Expression profile of an operationally-defined neural stem cell clone

Mark A Parker, Julia K Anderson, Deborah A Corliss, Victoria E Abraria, Richard L Sidman, Kook In Park, Yang D Teng, Douglas A Cotanche, Evan Y Snyder
Experimental Neurology 2005, 194 (2): 320-32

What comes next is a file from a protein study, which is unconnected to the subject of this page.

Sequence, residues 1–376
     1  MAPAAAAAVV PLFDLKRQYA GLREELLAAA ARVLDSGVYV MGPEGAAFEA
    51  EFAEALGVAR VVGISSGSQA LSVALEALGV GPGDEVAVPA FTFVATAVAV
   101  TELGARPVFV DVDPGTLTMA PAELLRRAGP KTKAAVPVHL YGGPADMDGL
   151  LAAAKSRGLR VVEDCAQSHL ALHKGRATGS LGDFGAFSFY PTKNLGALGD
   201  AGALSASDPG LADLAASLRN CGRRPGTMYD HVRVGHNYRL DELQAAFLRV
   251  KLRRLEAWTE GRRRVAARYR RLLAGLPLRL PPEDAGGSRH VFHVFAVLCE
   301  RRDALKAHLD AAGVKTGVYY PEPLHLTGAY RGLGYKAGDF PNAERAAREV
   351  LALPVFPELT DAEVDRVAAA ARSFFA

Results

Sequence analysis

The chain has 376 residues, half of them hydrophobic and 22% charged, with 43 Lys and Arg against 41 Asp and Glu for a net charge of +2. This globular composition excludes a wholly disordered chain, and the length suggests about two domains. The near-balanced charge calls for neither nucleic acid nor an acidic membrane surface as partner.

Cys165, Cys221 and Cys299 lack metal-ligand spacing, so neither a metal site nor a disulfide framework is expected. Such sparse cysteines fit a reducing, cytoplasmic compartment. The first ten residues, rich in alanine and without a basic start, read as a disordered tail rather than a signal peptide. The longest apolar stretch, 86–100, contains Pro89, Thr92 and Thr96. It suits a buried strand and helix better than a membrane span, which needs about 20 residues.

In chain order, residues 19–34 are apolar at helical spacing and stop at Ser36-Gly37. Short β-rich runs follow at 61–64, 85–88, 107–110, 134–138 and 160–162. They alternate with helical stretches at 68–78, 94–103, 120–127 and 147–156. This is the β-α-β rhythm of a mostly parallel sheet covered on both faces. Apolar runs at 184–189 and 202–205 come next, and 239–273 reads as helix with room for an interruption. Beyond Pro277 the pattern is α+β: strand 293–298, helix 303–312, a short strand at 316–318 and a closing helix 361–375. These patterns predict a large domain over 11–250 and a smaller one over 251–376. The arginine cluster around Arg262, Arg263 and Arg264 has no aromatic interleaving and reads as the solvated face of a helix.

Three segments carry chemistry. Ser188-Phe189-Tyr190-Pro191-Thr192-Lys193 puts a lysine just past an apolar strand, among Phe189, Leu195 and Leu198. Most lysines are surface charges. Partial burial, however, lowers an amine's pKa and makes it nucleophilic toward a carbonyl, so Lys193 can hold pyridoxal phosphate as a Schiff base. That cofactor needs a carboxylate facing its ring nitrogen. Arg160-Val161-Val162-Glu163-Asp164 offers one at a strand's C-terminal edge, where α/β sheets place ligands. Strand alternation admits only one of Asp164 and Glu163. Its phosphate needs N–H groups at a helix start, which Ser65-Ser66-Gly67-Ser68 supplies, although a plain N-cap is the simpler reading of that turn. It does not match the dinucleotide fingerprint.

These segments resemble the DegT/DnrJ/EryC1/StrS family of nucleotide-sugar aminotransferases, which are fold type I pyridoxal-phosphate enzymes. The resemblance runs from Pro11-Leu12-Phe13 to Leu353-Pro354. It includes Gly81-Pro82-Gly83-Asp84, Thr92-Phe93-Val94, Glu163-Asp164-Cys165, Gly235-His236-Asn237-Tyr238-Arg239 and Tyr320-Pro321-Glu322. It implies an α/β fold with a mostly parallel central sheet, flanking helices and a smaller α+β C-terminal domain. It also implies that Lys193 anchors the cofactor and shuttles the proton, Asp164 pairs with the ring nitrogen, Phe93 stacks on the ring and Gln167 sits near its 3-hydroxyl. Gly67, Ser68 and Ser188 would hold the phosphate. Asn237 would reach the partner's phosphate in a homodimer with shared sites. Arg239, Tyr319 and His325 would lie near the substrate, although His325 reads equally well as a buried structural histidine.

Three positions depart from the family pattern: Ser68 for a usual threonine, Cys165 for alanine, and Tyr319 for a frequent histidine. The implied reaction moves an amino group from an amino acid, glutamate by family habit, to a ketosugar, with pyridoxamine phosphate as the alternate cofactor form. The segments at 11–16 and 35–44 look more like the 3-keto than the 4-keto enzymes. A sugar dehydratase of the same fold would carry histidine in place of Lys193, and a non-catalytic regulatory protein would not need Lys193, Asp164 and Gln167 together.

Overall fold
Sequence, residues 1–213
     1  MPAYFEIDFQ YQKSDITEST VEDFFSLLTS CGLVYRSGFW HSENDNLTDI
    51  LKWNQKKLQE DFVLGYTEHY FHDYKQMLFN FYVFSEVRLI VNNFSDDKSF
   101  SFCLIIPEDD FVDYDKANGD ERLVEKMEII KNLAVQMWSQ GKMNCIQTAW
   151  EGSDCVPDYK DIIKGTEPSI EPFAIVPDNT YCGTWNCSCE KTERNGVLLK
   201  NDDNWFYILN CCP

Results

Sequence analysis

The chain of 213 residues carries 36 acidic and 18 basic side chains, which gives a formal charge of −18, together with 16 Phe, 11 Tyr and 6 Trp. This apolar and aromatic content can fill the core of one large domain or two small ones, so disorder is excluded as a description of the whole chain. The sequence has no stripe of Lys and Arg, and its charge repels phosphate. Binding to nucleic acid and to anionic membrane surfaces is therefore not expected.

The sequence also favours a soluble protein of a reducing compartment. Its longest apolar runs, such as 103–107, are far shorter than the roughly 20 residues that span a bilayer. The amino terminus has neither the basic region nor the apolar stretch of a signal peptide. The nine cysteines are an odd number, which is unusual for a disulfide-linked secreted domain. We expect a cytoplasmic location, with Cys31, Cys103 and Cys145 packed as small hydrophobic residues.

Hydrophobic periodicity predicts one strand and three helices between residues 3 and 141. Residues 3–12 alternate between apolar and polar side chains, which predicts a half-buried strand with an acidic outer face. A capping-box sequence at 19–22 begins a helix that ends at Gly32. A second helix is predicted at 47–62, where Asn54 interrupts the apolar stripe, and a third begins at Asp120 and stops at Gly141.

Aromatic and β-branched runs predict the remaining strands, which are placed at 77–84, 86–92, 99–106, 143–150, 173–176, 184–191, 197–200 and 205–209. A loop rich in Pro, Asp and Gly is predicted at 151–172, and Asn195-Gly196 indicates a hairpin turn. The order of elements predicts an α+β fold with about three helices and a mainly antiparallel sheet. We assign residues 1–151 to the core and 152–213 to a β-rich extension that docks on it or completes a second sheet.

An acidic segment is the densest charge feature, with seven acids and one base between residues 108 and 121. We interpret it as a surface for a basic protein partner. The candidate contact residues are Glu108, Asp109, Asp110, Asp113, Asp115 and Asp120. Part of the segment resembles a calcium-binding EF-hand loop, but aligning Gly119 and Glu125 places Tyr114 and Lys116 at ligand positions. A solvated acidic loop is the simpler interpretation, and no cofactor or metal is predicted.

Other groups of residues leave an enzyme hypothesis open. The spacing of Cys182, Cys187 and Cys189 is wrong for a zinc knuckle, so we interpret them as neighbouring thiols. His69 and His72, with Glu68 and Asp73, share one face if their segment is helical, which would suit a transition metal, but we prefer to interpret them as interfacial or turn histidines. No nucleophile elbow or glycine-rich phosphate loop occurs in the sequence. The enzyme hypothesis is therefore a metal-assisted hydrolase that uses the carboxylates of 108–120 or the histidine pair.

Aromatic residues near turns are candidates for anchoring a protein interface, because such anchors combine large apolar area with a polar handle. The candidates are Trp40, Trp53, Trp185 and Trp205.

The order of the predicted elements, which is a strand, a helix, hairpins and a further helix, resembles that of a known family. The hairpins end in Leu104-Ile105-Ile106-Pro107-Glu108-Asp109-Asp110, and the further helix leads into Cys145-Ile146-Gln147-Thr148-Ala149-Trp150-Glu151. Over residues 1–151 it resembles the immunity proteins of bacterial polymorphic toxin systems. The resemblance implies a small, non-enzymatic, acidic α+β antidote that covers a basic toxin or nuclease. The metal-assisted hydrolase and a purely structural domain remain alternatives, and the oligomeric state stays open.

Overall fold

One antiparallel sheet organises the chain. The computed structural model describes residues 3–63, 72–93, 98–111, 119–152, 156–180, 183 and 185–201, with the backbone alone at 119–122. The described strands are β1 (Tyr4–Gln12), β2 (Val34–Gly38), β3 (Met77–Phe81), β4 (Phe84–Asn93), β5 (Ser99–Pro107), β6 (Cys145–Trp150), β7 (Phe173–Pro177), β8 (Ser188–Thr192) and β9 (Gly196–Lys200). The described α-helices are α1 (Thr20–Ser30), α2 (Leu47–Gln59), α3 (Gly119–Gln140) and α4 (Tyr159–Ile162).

Neural stem cells (NSCs) are the most primordial and least committed cells of the nervous system, the cells that exist before regional specification develops. Because immunocytochemically-detectable markers that are sufficiently specific and sensitive to define an NSC have not yet been fully defined, we have taken the strong view that, to be termed a "stem cell" in the nervous system--in contrast to a "progenitor" or "precursor" (whose lineage commitment is further restricted)--a single neuroectodermally-derived cell must fulfill an operational definition that is essentially similar to that used in hematopoiesis. In other words, it must possess the following functional properties: (1) "Multipotency", i.e., the ability to yield mature cells in all three fundamental neural lineages throughout the nervous system--neurons (of all subtypes), astrocytes (of all types), oligodendrocytes--in multiple regional and developmental contexts and in a region and developmental stage-appropriate manner. (2) The ability to populate a developing region and/or repopulate an ablated or degenerated region of the nervous system with appropriate cell types. (3) The ability to be serially transplanted. (4) "Self-renewal", i.e., the ability to produce daughter cells (including new NSCs) with identical properties and potential. Having identified a murine neural cell clone that fulfills this strict operational definition--in contrast to other studies that used less rigorous or non-operational criteria for defining an NSC (e.g., the "neurosphere" assay)--we then examined, by comparing gene expression profiles, the relationship such a cell might have to (a) a multipotent somatic stem cell from another organ system (the hematopoietic stem cell [HSC]); (b) a pluripotent stem cell derived from the inner cell mass and hence without organ assignment (an embryonic stem cell); (c) neural cells isolated and maintained primarily as neurospheres but without having been subjected to the above mentioned operational screen ("CNS-derived neurospheres"). ESCs, HSCs, and operationally-defined NSCs--all of which have been identified not only by markers but by functional assays in their respective systems and whose state of differentiation could be synchronized--shared a large number of genes. Although, as expected, the most stem-like genes were expressed by ESCs, NSCs and HSCs shared a number of genes. CNS-derived neurospheres, on the other hand, expressed fewer "stem-like" genes held in common by the other operationally-defined stem cell populations. Rather they displayed a profile more consistent with differentiated neural cells. (Genes of neural identity were shared with the NSC clone.) Interestingly, when the operationally-defined NSC clone was cultured as a neurosphere (rather than in monolayer), its expression pattern shifted from a "stem-like" pattern towards a more "differentiated" one, suggesting that the neurosphere, without functional validation, may be a poor model for predicting stem cell attributes because it consists of heterogeneous populations of cells, only a small proportion of which are truly "stem-like". Furthermore, when operational definitions are employed, a common set of stem-like genes does emerge across both embryonic and somatic stem cells of various organ systems, including the nervous system.

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